State Dept. Wants to Limit What Questions Conservative Group Can Ask Clinton’s Aides Under Oath
The State Department filed a request in federal court late Tuesday asking U.S. District Judge Emmet G. Sullivan to limit the scope of questions Judicial Watch can ask former aides to Hillary Clinton under oath during upcoming depositions in a FOIA lawsuit filed by the conservative legal advocacy group that seeks to determine whether Clinton’s use of a private e-mail server violated federal open records laws.
In February, Judge Sullivan found there was a “reasonable suspicion of bad faith” on behalf of the State Department in relation to its failure to ensure records from Clinton’s private server were properly retained and searched for FOIA purposes and granted Judicial Watch’s request to conduct discovery on the issue. Judicial Watch then submitted a discovery plan that sought to depose top Clinton State Department aides, including Patrick M. Kennedy, Cheryl Mills, Huma Abedin and Bryan Pagliano regarding their knowledge of the Clinton e-mail server.
In its response to Judicial Watch’s proposal, the State Department asked Judge Sullivan order that Judicial Watch cannot question the Clinton aides under oath about “the substantive information sought by [Judicial Watch] in its FOIA request in this case, which involves the employment status of a single employee [Huma Abedin]; the storage, handling, transmission, or protection of classified information, including cybersecurity issues; and questions about pending investigations.” The latter part clearly refers to the ongoing FBI investigation.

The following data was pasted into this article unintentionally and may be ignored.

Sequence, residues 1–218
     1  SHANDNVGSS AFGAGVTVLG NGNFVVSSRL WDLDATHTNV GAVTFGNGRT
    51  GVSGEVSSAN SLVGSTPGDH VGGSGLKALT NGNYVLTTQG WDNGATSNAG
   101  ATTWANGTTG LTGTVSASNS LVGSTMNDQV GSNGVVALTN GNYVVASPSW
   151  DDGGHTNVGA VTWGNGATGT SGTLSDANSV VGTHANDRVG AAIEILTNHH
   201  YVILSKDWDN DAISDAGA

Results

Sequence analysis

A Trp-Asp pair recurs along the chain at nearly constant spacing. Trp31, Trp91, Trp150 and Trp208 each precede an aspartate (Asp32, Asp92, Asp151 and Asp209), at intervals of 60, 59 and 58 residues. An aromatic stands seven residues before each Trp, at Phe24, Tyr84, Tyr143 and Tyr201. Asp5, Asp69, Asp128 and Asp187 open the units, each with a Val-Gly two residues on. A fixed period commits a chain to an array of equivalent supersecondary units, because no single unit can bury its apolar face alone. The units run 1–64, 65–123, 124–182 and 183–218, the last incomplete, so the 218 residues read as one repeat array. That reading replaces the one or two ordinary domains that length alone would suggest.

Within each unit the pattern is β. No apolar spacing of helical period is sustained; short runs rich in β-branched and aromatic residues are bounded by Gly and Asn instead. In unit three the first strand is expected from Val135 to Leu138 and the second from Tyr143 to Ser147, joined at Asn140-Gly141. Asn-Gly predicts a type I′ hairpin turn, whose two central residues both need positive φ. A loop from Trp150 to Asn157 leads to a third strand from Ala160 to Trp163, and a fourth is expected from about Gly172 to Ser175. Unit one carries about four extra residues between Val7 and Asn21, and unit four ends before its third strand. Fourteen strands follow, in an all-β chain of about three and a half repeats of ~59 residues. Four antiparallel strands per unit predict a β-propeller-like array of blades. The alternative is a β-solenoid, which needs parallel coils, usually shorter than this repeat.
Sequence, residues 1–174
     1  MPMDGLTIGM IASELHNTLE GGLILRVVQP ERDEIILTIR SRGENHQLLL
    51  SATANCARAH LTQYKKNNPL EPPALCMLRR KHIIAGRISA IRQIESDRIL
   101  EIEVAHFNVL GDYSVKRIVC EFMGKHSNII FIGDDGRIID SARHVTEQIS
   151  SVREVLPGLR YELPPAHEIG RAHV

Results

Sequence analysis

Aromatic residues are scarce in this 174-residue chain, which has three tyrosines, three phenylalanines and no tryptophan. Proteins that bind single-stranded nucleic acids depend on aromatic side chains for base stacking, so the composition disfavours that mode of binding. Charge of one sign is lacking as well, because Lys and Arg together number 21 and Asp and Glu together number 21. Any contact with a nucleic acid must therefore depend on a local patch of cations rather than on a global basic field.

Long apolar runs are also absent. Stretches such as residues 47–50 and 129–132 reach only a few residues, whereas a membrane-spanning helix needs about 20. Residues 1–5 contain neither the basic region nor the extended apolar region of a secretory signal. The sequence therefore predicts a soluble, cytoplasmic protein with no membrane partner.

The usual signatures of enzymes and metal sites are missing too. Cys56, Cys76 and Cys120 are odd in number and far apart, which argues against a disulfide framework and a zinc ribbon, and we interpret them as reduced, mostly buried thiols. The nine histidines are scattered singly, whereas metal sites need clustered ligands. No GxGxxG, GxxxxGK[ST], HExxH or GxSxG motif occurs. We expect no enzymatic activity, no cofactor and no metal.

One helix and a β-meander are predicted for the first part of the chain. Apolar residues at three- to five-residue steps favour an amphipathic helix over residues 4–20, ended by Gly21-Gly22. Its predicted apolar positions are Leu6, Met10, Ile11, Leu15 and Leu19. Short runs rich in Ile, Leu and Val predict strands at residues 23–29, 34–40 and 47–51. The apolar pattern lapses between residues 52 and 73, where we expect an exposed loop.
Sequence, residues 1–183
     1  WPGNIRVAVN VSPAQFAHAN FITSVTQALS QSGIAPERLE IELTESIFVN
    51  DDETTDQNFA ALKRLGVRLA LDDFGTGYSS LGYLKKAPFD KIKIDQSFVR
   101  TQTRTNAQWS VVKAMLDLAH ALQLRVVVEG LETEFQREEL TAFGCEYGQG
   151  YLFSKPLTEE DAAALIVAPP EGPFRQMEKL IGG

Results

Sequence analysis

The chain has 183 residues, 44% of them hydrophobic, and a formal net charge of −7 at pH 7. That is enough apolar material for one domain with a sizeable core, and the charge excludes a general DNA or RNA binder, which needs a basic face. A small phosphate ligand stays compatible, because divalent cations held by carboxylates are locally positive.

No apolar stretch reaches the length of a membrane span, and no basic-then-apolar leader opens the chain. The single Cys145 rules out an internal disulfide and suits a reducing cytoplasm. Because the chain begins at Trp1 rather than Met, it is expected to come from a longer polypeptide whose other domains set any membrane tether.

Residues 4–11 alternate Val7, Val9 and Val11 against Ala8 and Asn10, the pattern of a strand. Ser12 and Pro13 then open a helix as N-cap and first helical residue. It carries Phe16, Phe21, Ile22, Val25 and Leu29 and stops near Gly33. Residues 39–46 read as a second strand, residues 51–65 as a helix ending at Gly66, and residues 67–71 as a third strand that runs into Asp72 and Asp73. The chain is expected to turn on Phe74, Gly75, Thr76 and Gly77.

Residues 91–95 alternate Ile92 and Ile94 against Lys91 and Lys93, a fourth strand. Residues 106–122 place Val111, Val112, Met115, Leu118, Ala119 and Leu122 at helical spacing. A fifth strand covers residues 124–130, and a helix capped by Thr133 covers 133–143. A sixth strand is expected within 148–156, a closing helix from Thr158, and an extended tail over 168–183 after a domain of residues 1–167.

Additionally, the State Department also asked the court to allow them three days to review any deposition transcripts before they are made public and, “if necessary, seek an order precluding public release, quotation or paraphrase of any inadvertently disclosed classified information, information specifically exempted from disclosure by statute, or information relating to the pending FBI investigation.”
Judge Sullivan is expected to make a final ruling on the discovery motions by April 12.
[h/t Washington Post; image via shutterstock]